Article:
However, in the latter half of March 2020, drastic and unprecedented global events, including a “price war” between OPEC and Russia and the macroeconomic effects of the COVID-19 pandemic, forced the Debtors to move quickly to reevaluate their financial position and immediate next steps. On March 9, 2020, the West Texas Intermediate (“WTI”) index—the benchmark for U.S.-based oil exploration and production companies—declined 24.59% in a single day. Since mid-March, major oil indexes experienced numerous subsequent drops and U.S. indexes have hovered around $20 per barrel—a level unseen in nearly twenty years. 

The recent extreme and sudden downturn fundamentally changed the economic landscape surrounding the Debtors’ deleveraging options. Whiting and its Board of Directors immediately snapped into action to address the unprecedented situation. On March 19, 2020, the Board of Directors conferred with the Debtors’ management team and advisors regarding their options. Thereafter, the Board of Directors, in a sound exercise of its fiduciary duties, directed the Debtors to draw down an amount under the RBL Facility sufficient to ensure that the Debtors had more than adequate liquidity to operate through 2020.

On March 23, 2020, the Debtors drew down $650 million from the RBL Facility. Immediately thereafter, the Debtors commenced discussions with the RBL Lenders regarding the Debtors’ anticipated path forward. The Debtors also engaged with an ad hoc group of the Debtors’ unsecured noteholders (the 'Ad Hoc Group') represented by Paul, Weiss, Rifkind, Wharton & Garrison LLP, as legal counsel, and PJT Partners, LP, as financial advisor. The Debtors’ discussions with the RBL Lenders and the Ad Hoc Group included whether to pay off the 2020 convertible notes (which were trading between 50 and 70 cents following the March 9 oil price collapse) at maturity on April 1, 2020, which the Ad Hoc Group informed the Debtors in writing its members strongly opposed, in favor of a comprehensive restructuring premised on a debt-for-equity swap that would leave the holders of the Debtors’ convertible notes and senior unsecured notes with substantially all of Whiting’s equity.

The Debtors and the Ad Hoc Group also began to engage regarding a potential comprehensive restructuring transaction. To facilitate these discussions, several members of the Ad Hoc Group became restricted under confidentiality agreements and the Debtors provided requested diligence to the Ad Hoc Group and its advisors. The Debtors and the Ad Hoc Group ultimately exchanged numerous term sheets regarding a consensual debt-for-equity exchange to be implemented pursuant to a prearranged chapter 11 plan of reorganization.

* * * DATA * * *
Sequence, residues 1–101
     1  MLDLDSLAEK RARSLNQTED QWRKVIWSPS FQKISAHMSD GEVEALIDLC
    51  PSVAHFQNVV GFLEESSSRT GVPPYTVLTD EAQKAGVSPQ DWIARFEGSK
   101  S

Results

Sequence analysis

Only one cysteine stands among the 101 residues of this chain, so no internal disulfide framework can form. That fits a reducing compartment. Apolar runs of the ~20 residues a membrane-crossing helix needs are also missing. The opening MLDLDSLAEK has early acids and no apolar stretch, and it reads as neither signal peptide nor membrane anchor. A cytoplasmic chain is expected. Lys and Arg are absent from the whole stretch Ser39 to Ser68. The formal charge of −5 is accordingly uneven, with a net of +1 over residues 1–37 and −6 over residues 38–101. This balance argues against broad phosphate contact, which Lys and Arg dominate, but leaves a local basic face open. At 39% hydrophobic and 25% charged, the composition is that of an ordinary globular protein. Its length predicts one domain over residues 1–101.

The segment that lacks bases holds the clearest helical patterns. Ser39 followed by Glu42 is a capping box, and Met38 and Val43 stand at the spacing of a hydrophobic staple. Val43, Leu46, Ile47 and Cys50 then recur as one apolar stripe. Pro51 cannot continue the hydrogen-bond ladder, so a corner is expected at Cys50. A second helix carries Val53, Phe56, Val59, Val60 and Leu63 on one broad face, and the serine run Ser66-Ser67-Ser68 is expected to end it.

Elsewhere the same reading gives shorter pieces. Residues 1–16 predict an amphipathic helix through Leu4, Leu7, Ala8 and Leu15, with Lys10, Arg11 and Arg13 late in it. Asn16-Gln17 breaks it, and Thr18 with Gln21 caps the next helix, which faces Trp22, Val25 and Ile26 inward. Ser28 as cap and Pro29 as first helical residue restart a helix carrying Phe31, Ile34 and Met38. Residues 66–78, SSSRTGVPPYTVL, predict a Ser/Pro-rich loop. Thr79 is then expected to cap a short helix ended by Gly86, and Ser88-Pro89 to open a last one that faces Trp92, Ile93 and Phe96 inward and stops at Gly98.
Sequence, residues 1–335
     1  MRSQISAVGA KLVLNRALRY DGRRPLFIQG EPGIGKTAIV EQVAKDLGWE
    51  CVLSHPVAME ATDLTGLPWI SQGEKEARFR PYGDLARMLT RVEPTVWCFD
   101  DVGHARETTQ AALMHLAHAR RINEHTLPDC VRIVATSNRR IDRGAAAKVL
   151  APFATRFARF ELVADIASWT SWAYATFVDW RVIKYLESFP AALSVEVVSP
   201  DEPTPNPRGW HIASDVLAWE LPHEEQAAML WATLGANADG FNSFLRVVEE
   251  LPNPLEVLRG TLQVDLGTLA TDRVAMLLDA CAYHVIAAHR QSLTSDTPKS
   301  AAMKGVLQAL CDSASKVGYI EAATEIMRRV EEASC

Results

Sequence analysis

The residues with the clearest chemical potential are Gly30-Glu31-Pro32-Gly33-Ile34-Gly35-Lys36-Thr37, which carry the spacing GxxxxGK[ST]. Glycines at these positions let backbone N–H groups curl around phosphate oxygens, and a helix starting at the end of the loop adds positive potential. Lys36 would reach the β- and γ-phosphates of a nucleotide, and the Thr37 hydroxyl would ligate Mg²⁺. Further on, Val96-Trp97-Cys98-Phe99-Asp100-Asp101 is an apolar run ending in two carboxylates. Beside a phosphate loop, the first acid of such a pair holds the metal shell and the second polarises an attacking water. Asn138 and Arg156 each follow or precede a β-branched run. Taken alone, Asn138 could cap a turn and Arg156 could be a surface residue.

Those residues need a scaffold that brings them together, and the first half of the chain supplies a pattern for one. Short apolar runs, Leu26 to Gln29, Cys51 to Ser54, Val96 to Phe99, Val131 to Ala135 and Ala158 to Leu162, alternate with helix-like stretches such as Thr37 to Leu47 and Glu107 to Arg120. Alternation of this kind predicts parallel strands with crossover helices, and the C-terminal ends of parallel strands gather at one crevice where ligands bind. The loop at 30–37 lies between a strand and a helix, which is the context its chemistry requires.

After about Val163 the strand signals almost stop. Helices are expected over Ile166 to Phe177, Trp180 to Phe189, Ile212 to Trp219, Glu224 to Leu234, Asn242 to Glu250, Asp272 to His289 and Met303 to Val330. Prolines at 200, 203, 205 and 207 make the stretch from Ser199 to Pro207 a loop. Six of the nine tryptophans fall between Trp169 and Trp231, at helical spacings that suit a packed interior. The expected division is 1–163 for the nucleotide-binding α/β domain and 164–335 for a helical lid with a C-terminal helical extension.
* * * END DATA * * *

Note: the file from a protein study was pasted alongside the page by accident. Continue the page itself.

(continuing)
In response, Whiting’s Board of Directors focused on whether to pay the 2020 convertible notes at maturity on April 1, 2020. The Board of Directors evaluated, among other things, the Debtors’ ability to satisfy in full roughly $2.2 billion in unsecured note maturities between late 2020 and 2026, including nearly $775 million in December 2020 to avoid a springing maturity on the RBL Facility. The Board of Directors also considered the possibility that the RBL Lenders may reduce the Debtors’ borrowing base (which is set for redetermination each May 1 and November 1). The Board of Directors believed that such a reduction might limit the Debtors’ flexibility to use any remaining availability under the RBL Facility to satisfy their funded debt obligations. Also relevant was the fact that the RBL Facility would mature at the end of 2020 absent the payment in full or refinancing of the 2021 notes. Finally, the Board of Directors weighed the views of the Debtors’ major funded debt stakeholders, which, as noted above, opposed paying off the convertible notes and instead favored a comprehensive restructuring. Ultimately, the Board of Directors, in a sound exercise of its fiduciary duties and upon the advice of the Debtors’ advisors, elected to forego the $190 million maturity payment on the convertible notes on April 1, 2020."

 Significant Shareholders

  • State Street Corporation – SSGA Funds Management, Inc.: 16.3%
  • Black Rock, Inc.: 15.5% 
  • The Vanguard Group: 10.72% 
  • FMR LLC: 8.731% 
  • Dimensional Fund Advisor LP: 7.52%
  • Hotchkis and Wiley Capital Management, LLC: 5.46%

About the Debtors

According to the Debtors: "Whiting Petroleum Corporation, headquartered in Denver, Colorado is one of the largest independent exploration and production companies in the USA with an oil focused asset base. We control one of the largest acreage positions in the Bakken/Three Forks resource play in the Williston Basin of North Dakota and Montana with 476,332 net acres in the oil productive sweet spots of the basin. From the Bakken and Three Forks resource play we have consistently been a top oil producer in North Dakota and across the Williston Basin. In the new and large oil prone sweet spot of the eastern DJ Basin of Colorado, we have 84,607 net acres.

About the Debtors

According to the Debtors: “Whiting Petroleum Corporation, headquartered in Denver, Colorado is one of the largest independent exploration and production companies in the USA with an oil focused asset base. We control one of the largest acreage positions in the Bakken/Three Forks resource play in the Williston Basin of North Dakota and Montana with 476,332 net acres in the oil productive sweet spots of the basin. From the Bakken and Three Forks resource play we have consistently been a top oil producer in North Dakota and across the Williston Basin. In the new and large oil prone sweet spot of the eastern DJ Basin of Colorado, we have 84,607 net acres.”